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Got to share this with you. 3 wks ago at campground. Couple pulls in with 20' TT. Wife jumps out...looks at front level, grabs two 1x8 from storage...hubby pulls forward, she lays boards, he backs up...the trailer is now farther off level. She has him pull forward and she drops two more boards down. He backs up, notices the lean and starts laughing. That's one good husband...did say a word, pulled forward, moved boards to other side, parked trailer, kisses his wife and all is well in the universe.
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Old 07-03-2017, 11:28 AM   #13
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One thing I've learned...30 levels in a trailer...29 different readings.
Only 29!
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Old 07-03-2017, 11:44 AM   #14
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Only 29!
You're bound to hit two...once in a while.
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Old 07-03-2017, 11:51 AM   #15
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On the 304 I would just use a 1-2 foot Carpenters level right inside the entrance Door Floor! Youroo!!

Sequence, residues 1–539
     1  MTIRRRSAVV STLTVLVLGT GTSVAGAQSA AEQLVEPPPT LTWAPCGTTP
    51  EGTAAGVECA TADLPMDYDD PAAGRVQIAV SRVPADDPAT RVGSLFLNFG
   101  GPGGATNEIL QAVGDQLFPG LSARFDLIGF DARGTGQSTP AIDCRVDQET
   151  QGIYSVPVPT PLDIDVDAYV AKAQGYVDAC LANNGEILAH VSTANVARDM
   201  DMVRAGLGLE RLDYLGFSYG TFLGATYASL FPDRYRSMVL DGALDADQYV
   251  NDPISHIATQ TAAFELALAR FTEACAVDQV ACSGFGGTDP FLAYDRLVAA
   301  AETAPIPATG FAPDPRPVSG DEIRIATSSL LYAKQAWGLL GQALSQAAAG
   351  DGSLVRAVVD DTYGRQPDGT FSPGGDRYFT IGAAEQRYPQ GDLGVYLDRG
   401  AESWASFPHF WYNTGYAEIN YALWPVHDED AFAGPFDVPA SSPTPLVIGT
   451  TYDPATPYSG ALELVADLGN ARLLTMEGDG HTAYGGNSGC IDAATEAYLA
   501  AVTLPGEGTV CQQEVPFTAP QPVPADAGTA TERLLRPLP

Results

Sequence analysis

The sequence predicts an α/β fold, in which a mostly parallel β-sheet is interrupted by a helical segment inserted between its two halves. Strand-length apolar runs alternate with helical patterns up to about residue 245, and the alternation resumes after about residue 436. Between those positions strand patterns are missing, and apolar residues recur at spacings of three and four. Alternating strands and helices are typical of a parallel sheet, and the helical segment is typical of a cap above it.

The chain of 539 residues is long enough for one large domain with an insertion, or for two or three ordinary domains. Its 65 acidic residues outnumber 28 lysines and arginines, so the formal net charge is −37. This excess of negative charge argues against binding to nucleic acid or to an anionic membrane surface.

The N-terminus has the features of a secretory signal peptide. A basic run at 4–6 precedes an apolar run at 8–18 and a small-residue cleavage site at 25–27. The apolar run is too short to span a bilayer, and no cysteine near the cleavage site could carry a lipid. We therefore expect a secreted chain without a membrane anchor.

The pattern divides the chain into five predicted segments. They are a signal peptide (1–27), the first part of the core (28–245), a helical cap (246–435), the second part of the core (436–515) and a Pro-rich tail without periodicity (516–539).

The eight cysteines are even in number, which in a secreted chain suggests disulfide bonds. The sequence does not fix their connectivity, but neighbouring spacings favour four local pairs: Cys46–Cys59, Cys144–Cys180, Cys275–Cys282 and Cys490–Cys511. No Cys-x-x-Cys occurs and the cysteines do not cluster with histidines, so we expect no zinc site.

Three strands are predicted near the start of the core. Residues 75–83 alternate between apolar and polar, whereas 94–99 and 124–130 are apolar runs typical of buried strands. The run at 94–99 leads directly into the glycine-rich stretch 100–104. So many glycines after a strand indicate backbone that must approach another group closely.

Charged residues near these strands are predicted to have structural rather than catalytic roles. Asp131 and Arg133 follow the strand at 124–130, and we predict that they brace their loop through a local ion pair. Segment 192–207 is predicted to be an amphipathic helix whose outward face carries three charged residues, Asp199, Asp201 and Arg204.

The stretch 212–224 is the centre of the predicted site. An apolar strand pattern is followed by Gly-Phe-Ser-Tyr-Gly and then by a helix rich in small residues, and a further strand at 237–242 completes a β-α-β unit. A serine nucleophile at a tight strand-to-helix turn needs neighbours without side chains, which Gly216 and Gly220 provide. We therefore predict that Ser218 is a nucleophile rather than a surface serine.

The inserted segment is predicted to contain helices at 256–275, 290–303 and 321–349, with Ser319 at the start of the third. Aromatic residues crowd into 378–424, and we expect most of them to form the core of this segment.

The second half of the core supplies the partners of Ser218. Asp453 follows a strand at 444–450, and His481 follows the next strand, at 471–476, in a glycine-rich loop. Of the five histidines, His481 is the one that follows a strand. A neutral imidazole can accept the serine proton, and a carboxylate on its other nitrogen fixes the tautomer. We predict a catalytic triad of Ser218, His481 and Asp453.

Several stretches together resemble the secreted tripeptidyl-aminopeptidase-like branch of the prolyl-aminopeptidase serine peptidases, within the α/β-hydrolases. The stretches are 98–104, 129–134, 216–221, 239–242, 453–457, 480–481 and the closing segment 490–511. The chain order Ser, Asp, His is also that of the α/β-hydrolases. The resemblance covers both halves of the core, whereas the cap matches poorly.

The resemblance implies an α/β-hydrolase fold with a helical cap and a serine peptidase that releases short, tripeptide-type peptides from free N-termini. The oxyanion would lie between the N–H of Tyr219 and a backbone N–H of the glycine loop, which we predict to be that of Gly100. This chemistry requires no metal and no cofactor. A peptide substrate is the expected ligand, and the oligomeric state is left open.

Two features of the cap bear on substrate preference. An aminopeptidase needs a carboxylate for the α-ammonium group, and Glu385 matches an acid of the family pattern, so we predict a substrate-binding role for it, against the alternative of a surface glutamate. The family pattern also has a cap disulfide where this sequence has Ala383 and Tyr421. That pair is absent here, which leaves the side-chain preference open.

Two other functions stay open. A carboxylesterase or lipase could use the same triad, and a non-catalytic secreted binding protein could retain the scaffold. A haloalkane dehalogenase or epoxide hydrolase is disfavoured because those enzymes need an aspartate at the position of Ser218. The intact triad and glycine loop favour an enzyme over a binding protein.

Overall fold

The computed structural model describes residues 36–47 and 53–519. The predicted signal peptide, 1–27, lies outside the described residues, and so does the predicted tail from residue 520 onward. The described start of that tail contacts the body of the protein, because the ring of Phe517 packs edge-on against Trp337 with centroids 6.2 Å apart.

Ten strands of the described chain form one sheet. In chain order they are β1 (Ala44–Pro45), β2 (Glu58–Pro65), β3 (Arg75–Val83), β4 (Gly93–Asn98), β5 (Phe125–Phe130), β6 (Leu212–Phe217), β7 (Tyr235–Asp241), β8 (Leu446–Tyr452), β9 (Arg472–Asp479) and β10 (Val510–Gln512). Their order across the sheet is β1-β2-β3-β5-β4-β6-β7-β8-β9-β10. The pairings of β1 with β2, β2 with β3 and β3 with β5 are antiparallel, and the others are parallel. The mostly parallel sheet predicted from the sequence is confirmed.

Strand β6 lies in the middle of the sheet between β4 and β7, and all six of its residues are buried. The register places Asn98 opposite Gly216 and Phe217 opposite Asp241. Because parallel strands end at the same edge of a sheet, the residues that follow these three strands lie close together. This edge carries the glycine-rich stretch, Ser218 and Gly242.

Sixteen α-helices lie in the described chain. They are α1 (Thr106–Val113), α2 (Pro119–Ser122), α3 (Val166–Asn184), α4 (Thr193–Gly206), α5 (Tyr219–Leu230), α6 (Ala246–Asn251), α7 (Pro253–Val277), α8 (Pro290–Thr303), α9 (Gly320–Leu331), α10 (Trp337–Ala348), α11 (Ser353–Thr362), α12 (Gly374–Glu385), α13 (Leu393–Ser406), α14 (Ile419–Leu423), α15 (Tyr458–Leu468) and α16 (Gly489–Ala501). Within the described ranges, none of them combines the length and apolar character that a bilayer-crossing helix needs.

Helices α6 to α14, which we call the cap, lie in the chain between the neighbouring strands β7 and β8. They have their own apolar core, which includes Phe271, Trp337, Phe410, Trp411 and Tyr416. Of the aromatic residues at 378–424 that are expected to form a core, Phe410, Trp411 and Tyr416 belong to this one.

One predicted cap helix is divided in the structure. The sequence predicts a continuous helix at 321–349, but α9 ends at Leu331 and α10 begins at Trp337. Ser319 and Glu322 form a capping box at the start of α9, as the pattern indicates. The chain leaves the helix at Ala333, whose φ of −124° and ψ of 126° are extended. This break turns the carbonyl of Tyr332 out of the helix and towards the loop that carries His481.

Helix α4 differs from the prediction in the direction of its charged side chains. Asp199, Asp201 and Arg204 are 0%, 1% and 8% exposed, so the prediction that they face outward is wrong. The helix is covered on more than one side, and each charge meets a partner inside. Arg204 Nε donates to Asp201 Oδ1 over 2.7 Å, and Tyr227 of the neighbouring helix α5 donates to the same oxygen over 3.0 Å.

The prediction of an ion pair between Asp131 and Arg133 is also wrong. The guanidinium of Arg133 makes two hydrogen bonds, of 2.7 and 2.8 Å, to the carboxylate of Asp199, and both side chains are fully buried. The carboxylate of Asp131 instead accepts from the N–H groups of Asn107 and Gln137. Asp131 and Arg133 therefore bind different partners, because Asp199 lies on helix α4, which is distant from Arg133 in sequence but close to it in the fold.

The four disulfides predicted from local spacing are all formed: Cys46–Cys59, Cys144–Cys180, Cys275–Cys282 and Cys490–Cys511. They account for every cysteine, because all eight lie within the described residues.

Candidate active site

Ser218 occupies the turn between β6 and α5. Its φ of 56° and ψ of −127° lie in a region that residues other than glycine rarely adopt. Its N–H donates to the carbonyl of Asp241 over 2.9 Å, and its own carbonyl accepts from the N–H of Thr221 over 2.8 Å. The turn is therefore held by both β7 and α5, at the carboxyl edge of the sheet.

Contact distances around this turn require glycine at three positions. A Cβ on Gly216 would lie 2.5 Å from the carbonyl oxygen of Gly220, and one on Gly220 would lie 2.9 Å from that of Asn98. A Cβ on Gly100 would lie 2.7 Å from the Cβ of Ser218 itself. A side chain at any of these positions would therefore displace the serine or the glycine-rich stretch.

DITTO.

but that Level Master in post 8 looks pretty interesting.

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Old 07-03-2017, 12:25 PM   #16
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I use a small stick on level just on the side of my 5er next to the controls for the landing gear. I can tell without ever leaving the switch area when it is level.

I have never had a problem with the fluid changing color because it is clear. I have not had a problem with the bubble growing or shrinking either.

Since my refrigerator is located on a side wall the fore/aft leveling is the most critical as far as its operation and health are concerned.

As far as side to side, we use 2x6 boards to drive up onto to level it side to side. IF it is not just perfect, we don't notice and don't care. After a bit of time you will know whether to use o 1 or two boards, or none if the site ls level enough.

Others may disagree but this has worked very well for us for over 15 years with two different 5ers.
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Old 07-03-2017, 12:41 PM   #17
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I'm a huge fan of all things Camco, but I like the Hopkins for one simple reason. They have a straight edge on the bottom, and this simplifies lining up the level with the trailer frame. These are disposable items...especially the one on the front of the trailer...because a stone can blow them out in a second. But I keep a couple spares in the camper, and they are very easy to replace without having to level the camper first. https://smile.amazon.com/Hopkins-852...ords=rv+levels
I don't just rely on the sticky tape...I also screw them to the frame.